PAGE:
Liz Murray (PO ’21)
Cafeteria food has become as much a part of the American public-school experience as recess and standardized testing. The National School Lunch Program, while perhaps only famous among children for chicken nuggets and mystery meat, has been serving meals to countless elementary, middle, and high school students since 1946. In fact, the FDA reports that during the 2015-2016 school year alone, more than 98,000 schools provided lunches through the National School Lunch Program (NSLP) (“Nutrition Standards”, 2017). The NSLP receives the most praise not for the culinary masterpieces they bring to elementary schoolers, but for feeding low-income students – on any given day, 21.6 million low-income children receive a free or reduced-price meal through the program (“Nutrition Standards”, 2017). For some students, school lunch is their main source of food, and might be the only full meal they have each day. The NSLP, in this way, does the massively important job of making sure low-income children get fed at least once a day.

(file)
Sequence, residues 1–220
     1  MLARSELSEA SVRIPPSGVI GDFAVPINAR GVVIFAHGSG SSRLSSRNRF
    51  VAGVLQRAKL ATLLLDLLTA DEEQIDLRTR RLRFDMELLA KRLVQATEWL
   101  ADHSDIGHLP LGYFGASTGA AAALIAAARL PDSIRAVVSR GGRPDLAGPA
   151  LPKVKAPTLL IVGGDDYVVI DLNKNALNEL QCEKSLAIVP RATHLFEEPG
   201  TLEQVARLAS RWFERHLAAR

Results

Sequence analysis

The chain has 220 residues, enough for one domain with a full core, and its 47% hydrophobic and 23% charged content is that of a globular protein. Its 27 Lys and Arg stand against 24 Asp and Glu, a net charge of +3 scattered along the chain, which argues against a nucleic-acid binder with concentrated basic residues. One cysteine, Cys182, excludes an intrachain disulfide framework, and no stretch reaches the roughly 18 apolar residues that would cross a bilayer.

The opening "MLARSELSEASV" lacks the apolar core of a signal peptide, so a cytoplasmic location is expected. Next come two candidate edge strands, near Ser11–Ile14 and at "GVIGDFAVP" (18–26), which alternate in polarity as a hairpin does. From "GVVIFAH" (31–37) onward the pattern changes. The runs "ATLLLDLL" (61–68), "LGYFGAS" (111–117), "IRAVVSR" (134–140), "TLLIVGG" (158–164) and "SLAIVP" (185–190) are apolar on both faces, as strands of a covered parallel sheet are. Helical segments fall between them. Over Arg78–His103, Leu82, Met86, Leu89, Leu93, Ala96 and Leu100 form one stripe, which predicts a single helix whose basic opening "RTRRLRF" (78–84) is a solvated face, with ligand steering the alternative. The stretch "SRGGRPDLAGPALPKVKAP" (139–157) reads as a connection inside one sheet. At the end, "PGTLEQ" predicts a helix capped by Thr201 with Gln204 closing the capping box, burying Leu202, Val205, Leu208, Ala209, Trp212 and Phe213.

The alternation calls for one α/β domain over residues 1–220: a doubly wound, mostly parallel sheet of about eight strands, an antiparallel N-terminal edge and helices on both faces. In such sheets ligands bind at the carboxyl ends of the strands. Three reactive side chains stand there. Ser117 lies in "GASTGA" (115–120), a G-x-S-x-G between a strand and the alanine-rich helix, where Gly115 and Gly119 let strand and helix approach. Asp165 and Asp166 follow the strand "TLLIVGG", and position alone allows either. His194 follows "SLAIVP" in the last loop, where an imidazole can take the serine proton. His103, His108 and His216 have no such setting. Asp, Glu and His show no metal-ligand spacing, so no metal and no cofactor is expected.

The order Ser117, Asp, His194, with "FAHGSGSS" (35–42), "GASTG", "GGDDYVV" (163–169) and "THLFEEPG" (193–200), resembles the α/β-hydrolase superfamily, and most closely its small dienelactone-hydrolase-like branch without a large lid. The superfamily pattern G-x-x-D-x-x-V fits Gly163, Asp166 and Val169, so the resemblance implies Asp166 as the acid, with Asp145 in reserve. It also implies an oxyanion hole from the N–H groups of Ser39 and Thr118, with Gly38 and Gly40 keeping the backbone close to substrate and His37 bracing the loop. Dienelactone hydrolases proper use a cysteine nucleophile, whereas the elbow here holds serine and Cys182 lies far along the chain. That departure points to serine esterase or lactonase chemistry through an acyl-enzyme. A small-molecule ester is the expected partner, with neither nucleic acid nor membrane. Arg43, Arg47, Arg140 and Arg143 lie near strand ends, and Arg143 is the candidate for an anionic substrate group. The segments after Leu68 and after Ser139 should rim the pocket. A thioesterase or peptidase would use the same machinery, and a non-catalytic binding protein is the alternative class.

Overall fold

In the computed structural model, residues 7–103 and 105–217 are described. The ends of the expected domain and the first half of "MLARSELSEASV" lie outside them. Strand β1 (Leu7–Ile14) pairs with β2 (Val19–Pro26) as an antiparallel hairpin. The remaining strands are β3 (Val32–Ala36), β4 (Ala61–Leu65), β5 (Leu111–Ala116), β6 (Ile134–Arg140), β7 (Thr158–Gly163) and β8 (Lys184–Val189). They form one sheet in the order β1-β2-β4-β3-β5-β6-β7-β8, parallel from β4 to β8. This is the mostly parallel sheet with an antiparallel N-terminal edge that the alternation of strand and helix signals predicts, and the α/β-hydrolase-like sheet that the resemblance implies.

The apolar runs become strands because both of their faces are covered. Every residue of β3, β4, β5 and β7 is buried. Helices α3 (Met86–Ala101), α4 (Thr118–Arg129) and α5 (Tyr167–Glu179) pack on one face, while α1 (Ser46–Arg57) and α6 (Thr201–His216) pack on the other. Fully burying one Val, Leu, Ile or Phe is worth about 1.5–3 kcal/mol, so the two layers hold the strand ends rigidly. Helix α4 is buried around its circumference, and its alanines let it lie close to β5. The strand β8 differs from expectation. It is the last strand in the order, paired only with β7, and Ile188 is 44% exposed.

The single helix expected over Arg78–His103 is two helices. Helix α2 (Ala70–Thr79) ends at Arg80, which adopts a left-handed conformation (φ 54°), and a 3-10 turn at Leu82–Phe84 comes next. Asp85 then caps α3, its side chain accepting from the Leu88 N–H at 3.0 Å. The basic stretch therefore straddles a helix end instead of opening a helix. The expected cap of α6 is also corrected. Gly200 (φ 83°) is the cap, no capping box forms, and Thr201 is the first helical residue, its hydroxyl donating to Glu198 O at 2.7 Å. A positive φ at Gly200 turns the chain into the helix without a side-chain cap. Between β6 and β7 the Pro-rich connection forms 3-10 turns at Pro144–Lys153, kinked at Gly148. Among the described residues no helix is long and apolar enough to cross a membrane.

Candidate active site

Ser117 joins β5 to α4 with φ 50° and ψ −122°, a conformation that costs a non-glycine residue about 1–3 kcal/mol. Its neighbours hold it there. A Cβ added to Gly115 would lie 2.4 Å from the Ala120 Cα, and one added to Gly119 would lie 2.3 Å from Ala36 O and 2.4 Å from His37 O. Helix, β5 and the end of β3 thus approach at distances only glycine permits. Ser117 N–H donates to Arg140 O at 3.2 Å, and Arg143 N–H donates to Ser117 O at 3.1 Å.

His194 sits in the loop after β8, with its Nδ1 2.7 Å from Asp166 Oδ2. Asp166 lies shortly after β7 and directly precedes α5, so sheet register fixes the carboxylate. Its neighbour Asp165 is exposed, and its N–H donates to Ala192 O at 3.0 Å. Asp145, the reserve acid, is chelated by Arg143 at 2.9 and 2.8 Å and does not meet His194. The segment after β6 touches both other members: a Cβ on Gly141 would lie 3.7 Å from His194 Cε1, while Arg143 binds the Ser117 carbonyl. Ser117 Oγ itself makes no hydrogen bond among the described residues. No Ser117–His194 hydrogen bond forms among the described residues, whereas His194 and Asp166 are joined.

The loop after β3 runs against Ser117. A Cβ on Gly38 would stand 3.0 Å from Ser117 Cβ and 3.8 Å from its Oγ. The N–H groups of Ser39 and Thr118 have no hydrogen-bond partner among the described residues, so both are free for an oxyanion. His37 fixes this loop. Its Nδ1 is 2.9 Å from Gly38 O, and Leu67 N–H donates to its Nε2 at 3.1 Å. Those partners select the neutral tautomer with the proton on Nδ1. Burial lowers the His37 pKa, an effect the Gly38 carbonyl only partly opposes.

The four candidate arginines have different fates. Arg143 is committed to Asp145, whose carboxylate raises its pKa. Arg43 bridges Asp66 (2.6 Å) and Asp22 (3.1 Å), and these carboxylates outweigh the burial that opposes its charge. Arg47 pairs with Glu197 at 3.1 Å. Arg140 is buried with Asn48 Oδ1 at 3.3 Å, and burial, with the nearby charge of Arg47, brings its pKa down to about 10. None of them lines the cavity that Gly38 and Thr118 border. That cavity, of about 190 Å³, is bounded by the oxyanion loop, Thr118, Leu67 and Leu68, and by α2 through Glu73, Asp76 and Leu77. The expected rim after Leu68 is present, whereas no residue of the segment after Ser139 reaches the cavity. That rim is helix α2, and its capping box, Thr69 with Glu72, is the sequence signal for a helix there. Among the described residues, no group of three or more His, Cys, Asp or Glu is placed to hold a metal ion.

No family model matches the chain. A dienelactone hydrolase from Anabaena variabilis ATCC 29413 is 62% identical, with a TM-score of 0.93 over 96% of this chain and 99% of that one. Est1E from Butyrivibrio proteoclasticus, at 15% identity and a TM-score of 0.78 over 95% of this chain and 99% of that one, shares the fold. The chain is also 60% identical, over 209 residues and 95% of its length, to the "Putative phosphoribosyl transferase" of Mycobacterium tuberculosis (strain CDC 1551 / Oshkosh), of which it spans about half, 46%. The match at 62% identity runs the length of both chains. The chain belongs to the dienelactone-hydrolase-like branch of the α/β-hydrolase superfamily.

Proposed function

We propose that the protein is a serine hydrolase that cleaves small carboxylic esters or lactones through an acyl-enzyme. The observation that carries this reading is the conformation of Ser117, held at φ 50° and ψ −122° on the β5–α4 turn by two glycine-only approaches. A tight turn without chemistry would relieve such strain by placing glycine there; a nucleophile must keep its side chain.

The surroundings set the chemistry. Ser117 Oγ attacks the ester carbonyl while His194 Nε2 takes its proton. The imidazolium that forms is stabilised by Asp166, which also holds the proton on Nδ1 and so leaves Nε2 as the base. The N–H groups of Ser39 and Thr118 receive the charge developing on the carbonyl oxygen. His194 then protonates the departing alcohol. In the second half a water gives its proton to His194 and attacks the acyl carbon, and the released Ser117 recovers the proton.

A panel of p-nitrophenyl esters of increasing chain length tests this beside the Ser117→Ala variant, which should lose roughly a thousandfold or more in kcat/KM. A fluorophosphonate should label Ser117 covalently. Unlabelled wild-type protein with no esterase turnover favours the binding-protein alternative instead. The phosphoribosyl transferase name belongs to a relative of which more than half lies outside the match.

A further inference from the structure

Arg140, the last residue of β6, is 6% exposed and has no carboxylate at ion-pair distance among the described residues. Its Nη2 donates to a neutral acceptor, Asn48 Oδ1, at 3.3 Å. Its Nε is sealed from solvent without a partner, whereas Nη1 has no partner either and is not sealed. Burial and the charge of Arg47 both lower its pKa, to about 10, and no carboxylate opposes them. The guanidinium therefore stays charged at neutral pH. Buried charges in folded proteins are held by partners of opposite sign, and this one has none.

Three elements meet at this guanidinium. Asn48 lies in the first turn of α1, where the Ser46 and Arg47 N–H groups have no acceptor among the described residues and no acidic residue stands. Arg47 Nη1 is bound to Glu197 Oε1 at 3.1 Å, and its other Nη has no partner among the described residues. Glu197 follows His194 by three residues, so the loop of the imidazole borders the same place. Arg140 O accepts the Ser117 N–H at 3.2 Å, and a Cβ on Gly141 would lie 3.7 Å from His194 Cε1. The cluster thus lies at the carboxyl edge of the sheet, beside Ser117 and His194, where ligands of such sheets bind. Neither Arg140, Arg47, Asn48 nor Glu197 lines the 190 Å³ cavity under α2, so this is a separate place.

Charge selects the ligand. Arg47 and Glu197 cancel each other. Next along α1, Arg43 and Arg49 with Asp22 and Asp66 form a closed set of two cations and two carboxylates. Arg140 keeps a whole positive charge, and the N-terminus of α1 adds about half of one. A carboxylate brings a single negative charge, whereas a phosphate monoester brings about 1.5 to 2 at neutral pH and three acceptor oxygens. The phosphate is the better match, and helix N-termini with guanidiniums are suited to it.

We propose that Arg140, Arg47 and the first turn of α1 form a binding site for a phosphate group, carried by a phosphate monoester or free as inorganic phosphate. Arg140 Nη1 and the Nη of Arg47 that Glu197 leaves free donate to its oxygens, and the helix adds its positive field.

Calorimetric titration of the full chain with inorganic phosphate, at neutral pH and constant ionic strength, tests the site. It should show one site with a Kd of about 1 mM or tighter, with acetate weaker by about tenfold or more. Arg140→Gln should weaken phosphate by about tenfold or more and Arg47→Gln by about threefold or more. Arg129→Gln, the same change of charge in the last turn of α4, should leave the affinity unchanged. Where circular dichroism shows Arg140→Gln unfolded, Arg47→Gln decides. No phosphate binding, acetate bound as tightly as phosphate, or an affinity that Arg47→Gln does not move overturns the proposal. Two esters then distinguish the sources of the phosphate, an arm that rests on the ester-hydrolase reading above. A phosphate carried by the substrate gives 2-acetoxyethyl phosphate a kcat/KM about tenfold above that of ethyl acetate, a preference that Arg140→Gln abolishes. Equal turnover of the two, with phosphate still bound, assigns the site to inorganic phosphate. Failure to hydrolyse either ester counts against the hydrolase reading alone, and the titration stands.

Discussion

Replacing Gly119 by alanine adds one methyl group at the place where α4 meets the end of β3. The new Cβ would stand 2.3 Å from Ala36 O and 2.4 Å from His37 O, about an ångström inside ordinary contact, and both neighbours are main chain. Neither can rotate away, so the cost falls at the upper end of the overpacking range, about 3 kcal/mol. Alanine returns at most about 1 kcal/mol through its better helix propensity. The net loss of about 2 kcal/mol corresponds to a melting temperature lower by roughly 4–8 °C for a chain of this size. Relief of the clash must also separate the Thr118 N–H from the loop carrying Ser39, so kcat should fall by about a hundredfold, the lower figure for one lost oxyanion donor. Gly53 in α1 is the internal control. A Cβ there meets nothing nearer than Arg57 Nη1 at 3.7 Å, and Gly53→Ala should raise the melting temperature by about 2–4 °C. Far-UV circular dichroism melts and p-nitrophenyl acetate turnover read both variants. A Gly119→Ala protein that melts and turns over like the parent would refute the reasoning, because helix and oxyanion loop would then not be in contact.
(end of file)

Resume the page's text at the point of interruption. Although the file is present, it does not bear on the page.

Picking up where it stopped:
But the NSLP is not without its flaws. In recent years, the program has come under fire for the nutritional value of its foods. Indeed, lunches served through the NSLP often consist of foods like chicken nuggets, fries, pizza, sugary chocolate milk, and burgers – not exactly what we picture as healthy choices. Researchers tend to agree – studies have found that students get a whopping half of their daily calories from school lunch alone (“How to Improve”, n.d.). Researchers have also found that school lunches are laden with “empty calories”, or foods that have high calorie counts but are low in key nutrients like calcium, protein, fiber, and vitamins (Wilson, Briefel, & Gleason, 2009). What nutrition information is available about school lunches confirms these findings – nutrition facts tend to show that the lunches are full of sodium and saturated fats and lack much nutritional value (Wilson, Briefel, & Gleason, 2009). In a nation that is increasingly conscious of nutrition and struggling with an obesity epidemic, the NSLP has been accused of being a part of the problem instead of the solution.